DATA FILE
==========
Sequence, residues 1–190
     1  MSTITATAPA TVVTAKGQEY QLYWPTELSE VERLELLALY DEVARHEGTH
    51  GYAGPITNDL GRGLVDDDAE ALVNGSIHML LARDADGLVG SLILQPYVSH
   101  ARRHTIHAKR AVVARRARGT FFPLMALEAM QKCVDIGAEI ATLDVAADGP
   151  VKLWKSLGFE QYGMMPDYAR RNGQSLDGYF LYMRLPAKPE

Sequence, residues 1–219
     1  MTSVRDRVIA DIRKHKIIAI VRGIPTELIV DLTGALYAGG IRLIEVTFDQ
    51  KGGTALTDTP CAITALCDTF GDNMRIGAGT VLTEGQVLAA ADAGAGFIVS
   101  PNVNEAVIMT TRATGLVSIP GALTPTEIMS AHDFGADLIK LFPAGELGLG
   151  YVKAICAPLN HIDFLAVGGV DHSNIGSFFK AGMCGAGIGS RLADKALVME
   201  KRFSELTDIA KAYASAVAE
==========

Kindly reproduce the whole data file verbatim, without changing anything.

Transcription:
Sequence, residues 1–190
     1  MSTITATAPA TVVTAKGQEY QLYWPTELSE VERLELLALY DEVARHEGTH
    51  GYAGPITNDL GRGLVDDDAE ALVNGSIHML LARDADGLVG SLILQPYVSH
   101  ARRHTIHAKR AVVARRARGT FFPLMALEAM QKCVDIGAEI ATLDVAADGP
   151  VKLWKSLGFE QYGMMPDYAR RNGQSLDGYF LYMRLPAKPE

Sequence, residues 1–219
     1  MTSVRDRVIA DIRKHKIIAI VRGIPTELIV DLTGALYAGG IRLIEVTFDQ
    51  KGGTALTDTP CAITALCDTF GDNMRIGAGT VLTEGQVLAA ADAGAGFIVS
   101  PNVNEAVIMT TRATGLVSIP GALTPTEIMS AHDFGADLIK LFPAGELGLG
   151  YVKAICAPLN HIDFLAVGGV DHSNIGSFFK AGMCGAGIGS RLADKALVME
   201  KRFSELTDIA KAYASAVAE